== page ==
Zanzibar - a window into Africa's rich heritage
Basking in the Indian Ocean just off the Tanzanian coast lies Zanzibar. The archipelago is a semi-autonomous region of Tanzania, consisting of the two large islands of Unguja and Pemba and some smaller islets. Renowned for its idyllic white sand beaches, charming buildings and mosques, few places exude quite as much charm and Islamic heritage as Zanzibar.
The archipelago's history with Islam stretches back centuries. Omani Arabs first introduced the faith around the 8th century as they travelled along the East coast of Africa. Zanzibar soon became a key hub for Muslim merchants, missionaries and travellers venturing to and from mainland Africa.
Tourism is a major industry in Zanzibar. Reflecting its predominantly Muslim population, the island provides plenty of religious facilities for Muslim travellers, like mosques, prayer facilities and halal dining options. This convenience combined with its beautiful beaches and fascinating history, is why it’s proving so popular with halal-conscious tourists today.
Unlike the famous safaris of mainland Tanzania, wildlife viewing in Zanzibar is an underwater affair showcasing marine life and coral reefs. Local diving centres provide travellers with scuba and snorkelling opportunities to explore the Indian Ocean up close.
Zanzibar’s Islamic Heritage
Zanzibar's complex history with Islam stretches back centuries. It was initially inhabited by indigenous people from the African mainland before Muslim traders brought Islam. The area became a hub for Muslim missionaries travelling to and from mainland Africa. In 1698, the islands fell to the Sultanate of Oman, which helped solidify the Islamic presence in the region — and led to the architectural gems that still stand in the region today. It remains predominantly Muslim, unlike mainland Tanzania's mix of faiths. About 90% of the Muslim population follows Sunni Islam and specifically the Shafi'i school of jurisprudence.
Visitors can experience the enduring Muslim influences in Zanzibar through its sights and sounds; from the calls to prayer from muezzins to women donning colourful hijabs and the Islamic history etched in its architecture. Zanzibar still shows the strong Islamic influences that shaped it long ago. The island offers visitors a chance to learn about the cultures that swept into Africa's Indian Ocean rim. For tourists interested in this coastal legacy infused with a firm Islamic heritage, Zanzibar beckons.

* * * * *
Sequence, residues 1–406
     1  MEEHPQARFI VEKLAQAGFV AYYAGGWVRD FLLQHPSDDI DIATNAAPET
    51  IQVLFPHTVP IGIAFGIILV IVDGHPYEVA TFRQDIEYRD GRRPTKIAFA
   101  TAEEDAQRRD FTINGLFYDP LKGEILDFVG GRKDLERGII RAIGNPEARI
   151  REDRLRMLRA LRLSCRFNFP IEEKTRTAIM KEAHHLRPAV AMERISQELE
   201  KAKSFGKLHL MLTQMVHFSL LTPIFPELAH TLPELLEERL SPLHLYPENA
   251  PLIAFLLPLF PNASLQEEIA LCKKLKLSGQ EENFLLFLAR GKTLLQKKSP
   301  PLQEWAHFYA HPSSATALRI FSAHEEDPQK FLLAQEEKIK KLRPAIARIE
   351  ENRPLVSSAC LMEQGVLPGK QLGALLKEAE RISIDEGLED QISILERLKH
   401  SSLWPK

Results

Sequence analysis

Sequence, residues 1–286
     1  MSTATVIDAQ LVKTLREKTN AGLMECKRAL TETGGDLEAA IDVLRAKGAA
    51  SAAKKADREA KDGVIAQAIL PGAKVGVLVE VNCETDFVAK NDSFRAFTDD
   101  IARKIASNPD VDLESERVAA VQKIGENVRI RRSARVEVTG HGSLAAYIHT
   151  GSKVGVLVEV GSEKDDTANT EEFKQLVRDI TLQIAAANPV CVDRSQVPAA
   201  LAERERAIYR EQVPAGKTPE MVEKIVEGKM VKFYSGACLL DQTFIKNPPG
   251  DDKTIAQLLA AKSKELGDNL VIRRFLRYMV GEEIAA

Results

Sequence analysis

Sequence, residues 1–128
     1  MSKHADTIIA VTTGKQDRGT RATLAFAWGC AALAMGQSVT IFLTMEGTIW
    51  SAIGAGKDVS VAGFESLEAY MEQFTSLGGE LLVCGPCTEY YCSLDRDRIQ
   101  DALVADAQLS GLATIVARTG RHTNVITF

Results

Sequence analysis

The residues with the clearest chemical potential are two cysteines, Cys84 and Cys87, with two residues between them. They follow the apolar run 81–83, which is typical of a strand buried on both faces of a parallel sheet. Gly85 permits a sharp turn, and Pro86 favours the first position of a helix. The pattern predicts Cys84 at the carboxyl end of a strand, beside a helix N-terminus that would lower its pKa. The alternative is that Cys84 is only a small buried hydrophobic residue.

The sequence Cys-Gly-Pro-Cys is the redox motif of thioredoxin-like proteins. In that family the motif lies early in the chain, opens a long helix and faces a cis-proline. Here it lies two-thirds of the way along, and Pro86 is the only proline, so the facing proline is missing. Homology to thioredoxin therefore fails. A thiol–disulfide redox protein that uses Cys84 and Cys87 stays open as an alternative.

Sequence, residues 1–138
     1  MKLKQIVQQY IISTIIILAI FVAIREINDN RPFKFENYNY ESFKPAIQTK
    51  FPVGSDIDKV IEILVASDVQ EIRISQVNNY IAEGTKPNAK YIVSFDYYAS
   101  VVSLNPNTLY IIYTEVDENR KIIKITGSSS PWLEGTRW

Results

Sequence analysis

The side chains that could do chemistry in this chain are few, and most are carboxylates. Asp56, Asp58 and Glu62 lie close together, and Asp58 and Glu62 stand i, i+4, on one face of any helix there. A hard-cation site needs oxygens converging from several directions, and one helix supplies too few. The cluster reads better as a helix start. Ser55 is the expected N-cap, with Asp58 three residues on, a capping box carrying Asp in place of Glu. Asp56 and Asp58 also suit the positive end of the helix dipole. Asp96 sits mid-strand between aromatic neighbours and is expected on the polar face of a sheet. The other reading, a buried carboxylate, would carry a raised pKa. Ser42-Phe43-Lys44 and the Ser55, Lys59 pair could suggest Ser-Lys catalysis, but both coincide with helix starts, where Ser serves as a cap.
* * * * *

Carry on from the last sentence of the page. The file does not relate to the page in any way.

Top attractions in Zanzibar
Stone Town, in the old part of the capital Zanzibar City, is a UNESCO World Heritage Site and is the best place to see the region’s Islamic architectural influences. The port city is famed for its labyrinthian alleyways, markets, and distinct wooden doors. The city has an estimated 560 doors, the majority in Stone Town. These works of art, most of which are over a century old, each have their own story to tell if you look closely enough.
The area is also home to significant historic mosques and Islamic sites. Beit el-Ajaib, the iconic House of Wonders, is Unesco-listed and was the most modern building in East Africa when completed in 1883. Currently closed for major renovations, it was the first building in East Africa to have electricity and an elevator — hence the name.
The Old Fort is located in Stone Town. Its courtyard has been adapted to serve as a cultural centre with an open-air amphitheatre where live music and dance shows are held every evening. There are also curio shops where tourists can buy local art and merchandise, a restaurant, and a visitor information booth.
Over 50 mosques adorn the island's skyline. Dating from the 15th century, the Malindi Mosque has unusual architectural features, including a cone-shaped minaret and a square platform. Visitors can enjoy a panoramic view of Stone Town from the platform.
People's Palace Museum (Sultan's Palace)
This impressive 3-story waterfront building with merlon-decorated white walls is one of Stone Town's main historic buildings. It was officially renamed the People's Palace in 1964 after the Zanzibar Revolution and used as the seat of government until 1994, when it became a museum on the royal family and the history of Zanzibar.
Historic Slave Market
The historic Slave Market Memorial offers an opportunity to reflect on the region's tragic role in the slave trade. It was the last slave market open in the world, closing in 1873.
Darajani Market, one of the central markets in Zanzibar, is where you can learn more about the culture and local life. You can find almost anything you are looking for, bargain for spices and also buy the traditional Islamic Zanzibar hats known as kofia.
Halal food in Zanzibar
Halal dining options are plentiful in Zanzibar, where the Swahili-Zanzibari cuisine reflects the island's diverse cultural influences. Iconic dishes like biryani, samosas, and pilau rice signal Indian inspiration, while kaimati (fried dough balls soaked in honey) points to its Middle Eastern influence. Even Zanzibar pizza fuses Indian, European, Arabic and Persian flavours. The adventurous might want to sample dishes that include octopus, a favourite delicacy in the area.
Where to stay in Zanzibar
Just steps from the idyllic beach, with a women-only and men-only pool, no alcohol and all halal food. A warm welcome and stylish accommodation await in the heart of Jambiani village, with its palm-fringed pale sandy beach.